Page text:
The cost is a mere $35 ($25 if you forego the wine) and we felt that to be an excellent bargain. They offer a full drink menu which I mention only because I’m in love with the names of the drinks. Someday I will have to write a blog entirely about the creativity of alcoholic beverage names, but another day.

Drink Menu

We started off with something called “Ahi Tartare With Ginger and Meyer Lemon – rainbow beet carpaccio and crispy wonton” Oh dear. Now, I know enough to understand that Tartare probably means uncooked. But heck, who doesn’t like wontons, right? Crispy is code for fried, that’s safe and familiar territory. All I know about the wine was that it was Italian – and we all know anything Italian is wonderful, do we not?

Ahi Tartare with Ginger & Meyer Lemon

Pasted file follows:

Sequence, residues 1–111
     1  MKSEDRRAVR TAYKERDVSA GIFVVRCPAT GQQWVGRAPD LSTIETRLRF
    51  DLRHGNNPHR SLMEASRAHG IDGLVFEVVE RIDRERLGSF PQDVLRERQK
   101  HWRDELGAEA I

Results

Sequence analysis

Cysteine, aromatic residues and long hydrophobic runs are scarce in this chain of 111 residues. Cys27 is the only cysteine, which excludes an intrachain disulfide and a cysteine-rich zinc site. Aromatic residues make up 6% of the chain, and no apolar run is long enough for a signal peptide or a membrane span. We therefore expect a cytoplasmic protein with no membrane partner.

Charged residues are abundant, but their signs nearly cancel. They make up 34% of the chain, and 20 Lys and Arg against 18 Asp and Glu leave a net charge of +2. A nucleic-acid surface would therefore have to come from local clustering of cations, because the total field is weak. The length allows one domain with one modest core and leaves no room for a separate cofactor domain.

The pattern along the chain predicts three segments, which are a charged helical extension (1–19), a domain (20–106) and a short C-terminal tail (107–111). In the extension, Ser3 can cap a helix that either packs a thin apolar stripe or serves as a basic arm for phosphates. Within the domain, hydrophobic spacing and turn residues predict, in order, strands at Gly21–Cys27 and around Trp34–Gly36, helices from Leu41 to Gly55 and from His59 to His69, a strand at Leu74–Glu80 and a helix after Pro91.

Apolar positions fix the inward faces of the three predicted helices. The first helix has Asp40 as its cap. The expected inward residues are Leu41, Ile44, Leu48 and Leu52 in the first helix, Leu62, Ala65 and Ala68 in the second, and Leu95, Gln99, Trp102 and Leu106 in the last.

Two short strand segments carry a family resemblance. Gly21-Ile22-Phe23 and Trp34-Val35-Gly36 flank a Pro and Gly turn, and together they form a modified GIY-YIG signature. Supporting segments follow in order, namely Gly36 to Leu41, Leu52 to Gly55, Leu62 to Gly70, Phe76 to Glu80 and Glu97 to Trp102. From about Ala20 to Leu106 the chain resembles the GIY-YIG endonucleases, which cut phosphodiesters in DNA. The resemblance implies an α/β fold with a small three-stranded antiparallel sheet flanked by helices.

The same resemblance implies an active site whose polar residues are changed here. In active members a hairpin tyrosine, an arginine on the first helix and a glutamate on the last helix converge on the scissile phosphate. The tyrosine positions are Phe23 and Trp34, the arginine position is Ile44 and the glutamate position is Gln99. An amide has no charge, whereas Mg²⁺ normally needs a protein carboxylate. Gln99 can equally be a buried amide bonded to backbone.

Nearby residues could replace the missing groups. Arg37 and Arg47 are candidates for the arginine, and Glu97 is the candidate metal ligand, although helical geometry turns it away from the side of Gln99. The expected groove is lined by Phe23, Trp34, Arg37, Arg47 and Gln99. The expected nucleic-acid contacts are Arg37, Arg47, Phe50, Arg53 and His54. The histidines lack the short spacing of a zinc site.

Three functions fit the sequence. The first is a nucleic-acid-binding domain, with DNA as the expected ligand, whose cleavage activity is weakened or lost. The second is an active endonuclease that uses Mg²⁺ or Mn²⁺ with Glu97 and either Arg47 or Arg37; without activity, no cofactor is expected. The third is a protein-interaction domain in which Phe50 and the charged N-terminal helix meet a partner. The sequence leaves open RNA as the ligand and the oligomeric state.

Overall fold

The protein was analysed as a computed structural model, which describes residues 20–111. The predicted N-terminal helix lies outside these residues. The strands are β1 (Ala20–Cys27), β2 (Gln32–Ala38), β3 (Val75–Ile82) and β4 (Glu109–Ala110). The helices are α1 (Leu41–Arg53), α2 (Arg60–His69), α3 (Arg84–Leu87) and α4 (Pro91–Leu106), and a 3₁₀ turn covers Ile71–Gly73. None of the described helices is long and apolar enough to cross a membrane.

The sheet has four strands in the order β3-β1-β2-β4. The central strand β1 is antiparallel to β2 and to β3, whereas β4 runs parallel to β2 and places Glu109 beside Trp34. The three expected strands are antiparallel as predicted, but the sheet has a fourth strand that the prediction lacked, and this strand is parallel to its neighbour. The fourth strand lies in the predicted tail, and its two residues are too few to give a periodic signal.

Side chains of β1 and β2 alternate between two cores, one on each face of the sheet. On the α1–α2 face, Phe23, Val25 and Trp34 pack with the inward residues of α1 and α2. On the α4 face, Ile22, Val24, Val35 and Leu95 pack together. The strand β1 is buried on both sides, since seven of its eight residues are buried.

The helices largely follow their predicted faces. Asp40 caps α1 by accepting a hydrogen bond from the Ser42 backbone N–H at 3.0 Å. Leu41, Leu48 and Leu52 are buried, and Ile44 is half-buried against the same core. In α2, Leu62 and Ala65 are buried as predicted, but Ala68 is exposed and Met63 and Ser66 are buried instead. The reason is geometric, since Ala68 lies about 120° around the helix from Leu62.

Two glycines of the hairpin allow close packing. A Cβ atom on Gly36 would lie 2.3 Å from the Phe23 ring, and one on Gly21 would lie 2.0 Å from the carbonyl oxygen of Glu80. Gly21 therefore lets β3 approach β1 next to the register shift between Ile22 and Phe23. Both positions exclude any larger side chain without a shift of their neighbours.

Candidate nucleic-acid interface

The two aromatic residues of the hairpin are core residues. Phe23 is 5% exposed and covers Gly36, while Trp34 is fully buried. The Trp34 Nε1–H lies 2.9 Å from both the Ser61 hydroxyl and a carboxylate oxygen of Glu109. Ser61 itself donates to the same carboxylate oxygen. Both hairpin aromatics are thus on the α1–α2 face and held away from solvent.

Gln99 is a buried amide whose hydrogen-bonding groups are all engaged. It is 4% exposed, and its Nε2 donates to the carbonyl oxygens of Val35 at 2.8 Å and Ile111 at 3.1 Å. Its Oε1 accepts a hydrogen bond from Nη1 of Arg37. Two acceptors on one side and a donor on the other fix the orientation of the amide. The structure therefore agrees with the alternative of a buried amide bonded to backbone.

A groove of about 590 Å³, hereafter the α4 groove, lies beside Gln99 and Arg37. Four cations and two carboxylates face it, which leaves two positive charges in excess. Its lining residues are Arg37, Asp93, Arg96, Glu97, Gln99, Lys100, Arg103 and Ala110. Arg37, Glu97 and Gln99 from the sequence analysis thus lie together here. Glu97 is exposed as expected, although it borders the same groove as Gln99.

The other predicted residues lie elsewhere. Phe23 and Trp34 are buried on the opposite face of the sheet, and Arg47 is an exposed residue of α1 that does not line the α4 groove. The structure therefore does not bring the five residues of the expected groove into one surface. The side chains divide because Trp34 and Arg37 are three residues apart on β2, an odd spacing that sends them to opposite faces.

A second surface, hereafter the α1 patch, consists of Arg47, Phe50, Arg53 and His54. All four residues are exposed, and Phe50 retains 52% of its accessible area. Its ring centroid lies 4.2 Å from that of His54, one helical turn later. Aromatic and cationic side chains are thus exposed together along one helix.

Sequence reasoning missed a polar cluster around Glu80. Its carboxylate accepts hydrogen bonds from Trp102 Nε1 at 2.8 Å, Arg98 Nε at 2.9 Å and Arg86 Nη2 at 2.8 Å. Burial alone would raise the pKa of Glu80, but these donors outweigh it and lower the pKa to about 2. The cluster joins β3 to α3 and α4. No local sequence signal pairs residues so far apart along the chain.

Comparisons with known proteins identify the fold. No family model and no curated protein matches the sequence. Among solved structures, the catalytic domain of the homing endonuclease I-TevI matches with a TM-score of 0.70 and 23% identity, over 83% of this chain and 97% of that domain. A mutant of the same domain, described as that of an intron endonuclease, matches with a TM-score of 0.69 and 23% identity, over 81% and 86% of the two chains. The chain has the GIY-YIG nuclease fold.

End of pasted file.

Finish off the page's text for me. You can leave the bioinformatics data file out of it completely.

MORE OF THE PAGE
The next course, was a very familiar treat – Crispy Fried Cod – lemon buttermilk dressing served with preserved lemon, fennel and pickled onion with a French White Bordeaux. One thing I like about these small portions is there are several of them, so you can get just the perfect amount of a little taste of heaven, sip your wine (I think I had three different types lined up at one point as I’m a slow sipper) to clear your palate in between courses and not feel stuffed or overfull, just happily teased and a little buzzed.

Crispy Fried Cod

Next was the Arugula and Crispy Duck Confit Salad – with lemon and pomegranate vinaigrette, spiced pistachios and pomegranate seeds – with a wine from Spain this time – yay, world tour! Honestly, this is just the perfect thing for someone like me, because I would never order duck as my main dish in a restaurant, but to be able to try something so exotic and not commit to having that be your entire dinner is great. Plus I love salad and vinaigrettes, as well as pomegranate, having something new and different paired with other familiar things is a great way to experiment with new foods. I probably would order duck in the future now.

Arugula and Crispy Duck Confit Salad